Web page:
Brooke Pryor and Lynn Worthy lead our Chiefs coverage, two smart, hard-working reporters who are with the team at every available opportunity. When the Chiefs open their season against the Chargers this weekend, eight independent, Kansas City-based journalists will be there — six from The Star.

Don't have a KC Star subscription? Help support our sports coverage

If you already subscribe to The Star, thanks for your support. If not, our digital sports-only subscription is just $30 per year. It's your ticket to everything sports in Kansas City ... and beyond, and helps us produce sports coverage like this.

When the Royals were changing Kansas City sports history, we had a dozen or more reporters at some games. Soon, we’ll be hiring a new beat writer, to be with the team from the first day of spring training to the last day of winter meetings.

Hopefully you clicked this link because you’ve enjoyed the Minutes before, or maybe you prefer the times I do actual reporting on stories of high-interest in Kansas City.

No matter your path to us, I hope you consider the value of the destination. For years, we’ve given our product away for free, a misguided hope that digital advertising would make up the difference. That was a mistake. What we do costs money, same as other non-tangible products to which you might subscribe — radio, television, food delivery, or even a child-care finder.

Our job is to make it money well spent. Hopefully, you’re here because you think we’ve done that. We’re finally ready to tell you why you should support us. Please give us an opportunity to continue to make it worth your time and money.

This week’s eating recommendation is the shredded beef arepa at Empanada Madness, and the reading recommendation is Sarah Spain with the jaw-dropping story of a Chiefs assistant coach’s search for his biological parents.

Please give me a follow on Twitter and Facebook, and as always, thanks for your help, and thanks for reading.

<blockquote class="twitter-tweet" data-conversation="none" data-lang="en"><p lang="en" dir="ltr">As someone who isn’t sold on Veach just yet, I’m looking closely this year at how the roster moves he’s made play out. What are the top items you are watching in 2018 in determining his success, or lack there of?</p>&mdash; J-D JR (@jimmyjay555) <a href="https://twitter.com/jimmyjay555/status/1036670309829623809?ref_src=twsrc%5Etfw">September 3, 2018</a></blockquote>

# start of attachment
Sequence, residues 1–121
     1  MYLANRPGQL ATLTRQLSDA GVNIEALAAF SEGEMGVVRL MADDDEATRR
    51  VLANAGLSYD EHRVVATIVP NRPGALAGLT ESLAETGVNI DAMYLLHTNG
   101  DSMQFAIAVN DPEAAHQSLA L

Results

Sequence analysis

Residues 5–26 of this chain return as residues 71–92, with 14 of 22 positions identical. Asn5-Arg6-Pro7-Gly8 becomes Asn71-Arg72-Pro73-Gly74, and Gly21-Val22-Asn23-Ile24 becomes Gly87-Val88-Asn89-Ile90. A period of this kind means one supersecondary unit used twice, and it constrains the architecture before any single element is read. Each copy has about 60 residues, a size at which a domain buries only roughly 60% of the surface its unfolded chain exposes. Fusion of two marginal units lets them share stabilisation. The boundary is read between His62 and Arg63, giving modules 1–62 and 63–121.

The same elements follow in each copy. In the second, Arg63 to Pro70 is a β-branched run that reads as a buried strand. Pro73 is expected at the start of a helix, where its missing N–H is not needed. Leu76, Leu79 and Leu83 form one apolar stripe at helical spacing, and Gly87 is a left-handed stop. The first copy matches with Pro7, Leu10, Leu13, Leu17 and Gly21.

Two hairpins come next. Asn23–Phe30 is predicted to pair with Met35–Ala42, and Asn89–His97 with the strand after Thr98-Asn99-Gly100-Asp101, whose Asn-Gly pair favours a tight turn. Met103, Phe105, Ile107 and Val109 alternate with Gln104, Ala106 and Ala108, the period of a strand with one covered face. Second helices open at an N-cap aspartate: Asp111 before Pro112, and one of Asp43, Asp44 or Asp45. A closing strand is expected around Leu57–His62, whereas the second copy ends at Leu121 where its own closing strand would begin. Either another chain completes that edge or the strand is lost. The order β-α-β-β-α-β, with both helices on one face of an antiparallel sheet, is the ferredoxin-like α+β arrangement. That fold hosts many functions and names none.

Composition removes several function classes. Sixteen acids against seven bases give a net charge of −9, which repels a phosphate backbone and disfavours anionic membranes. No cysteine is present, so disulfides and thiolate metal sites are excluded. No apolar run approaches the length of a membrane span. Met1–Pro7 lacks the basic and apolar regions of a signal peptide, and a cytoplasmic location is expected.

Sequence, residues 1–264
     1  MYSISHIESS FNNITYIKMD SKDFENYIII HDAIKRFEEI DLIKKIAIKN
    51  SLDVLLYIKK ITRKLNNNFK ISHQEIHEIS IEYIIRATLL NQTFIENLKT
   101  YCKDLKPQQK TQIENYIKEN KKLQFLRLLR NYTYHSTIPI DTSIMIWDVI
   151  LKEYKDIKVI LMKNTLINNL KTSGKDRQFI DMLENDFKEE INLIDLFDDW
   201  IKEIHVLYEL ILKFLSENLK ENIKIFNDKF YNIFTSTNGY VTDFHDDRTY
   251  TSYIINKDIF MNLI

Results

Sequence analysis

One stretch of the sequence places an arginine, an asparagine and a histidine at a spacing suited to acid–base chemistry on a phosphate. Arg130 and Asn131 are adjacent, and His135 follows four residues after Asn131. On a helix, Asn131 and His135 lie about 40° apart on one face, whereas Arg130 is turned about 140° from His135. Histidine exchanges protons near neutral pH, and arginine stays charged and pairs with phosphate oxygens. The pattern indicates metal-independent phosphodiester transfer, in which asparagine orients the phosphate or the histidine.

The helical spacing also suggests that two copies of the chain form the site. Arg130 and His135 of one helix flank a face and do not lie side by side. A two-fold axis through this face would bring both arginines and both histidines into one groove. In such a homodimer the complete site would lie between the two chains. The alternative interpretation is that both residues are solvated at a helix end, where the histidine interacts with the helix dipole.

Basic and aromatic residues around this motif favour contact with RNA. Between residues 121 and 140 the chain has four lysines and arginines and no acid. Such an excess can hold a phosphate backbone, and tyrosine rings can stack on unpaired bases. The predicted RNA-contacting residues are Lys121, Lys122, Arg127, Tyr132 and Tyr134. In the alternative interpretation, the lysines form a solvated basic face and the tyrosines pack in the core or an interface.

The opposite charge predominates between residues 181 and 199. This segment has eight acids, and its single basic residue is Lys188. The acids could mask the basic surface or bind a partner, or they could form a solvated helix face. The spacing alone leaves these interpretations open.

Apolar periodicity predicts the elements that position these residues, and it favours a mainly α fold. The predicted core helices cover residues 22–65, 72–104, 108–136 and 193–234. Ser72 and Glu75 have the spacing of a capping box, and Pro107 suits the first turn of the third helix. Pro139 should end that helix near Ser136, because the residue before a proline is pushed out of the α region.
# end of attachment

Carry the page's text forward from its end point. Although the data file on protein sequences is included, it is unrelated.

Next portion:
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This is the first team for which Brett Veach has had a full offseason, so I don’t know that anyone should be “sold” or, um, whatever the opposite of sold is on him as a GM.

What I know about him is encouraging. He works hard, he cares, he’s confident in the right ways and humble in others. He has a specific football worldview — oversimplified, he wants youth, toughness, and reliability — and has taken real steps to build that here.

Also, not insignificantly, he has a good working relationship with Andy Reid.

All of these are good things.

But if you’re looking to judge him over the next few years, here’s a list*:

* a list!

  • This year’s draft class. Pretty obvious, right? Already, Derrick Nnadi looks like a starter, because he has a specific skill (a pocket wrecking bull rush) that can play immediately. Breeland Speaks was the class’ first pick, and that’s always the simplest way to judge. My amateur eye says he has a long way to go as a pass rusher, but remember he played everywhere up front in the SEC, so they might be able to move him back inside.

  • Anthony Hitchens and Reggie Ragland each have to provide a defensive backbone that just hasn’t been there the last two years. Those are both Veach guys, and that Hitchens contract — five years, $45 million, including a $14 million bonus and $25 million guaranteed — is really big for a guy who doesn’t rush the passer.

  • The secondary. The Chiefs really didn’t do much to address the secondary this offseason, and I know it’s tempting to say they assumed they were good there, but my sense is they just couldn’t address everything they wanted. I’ll write something later this week expanding on the point, but right now I’ll be surprised if they don’t take at least one corner high in next year’s draft. Either way, the secondary — safeties and corners — needs to be significantly better by next season.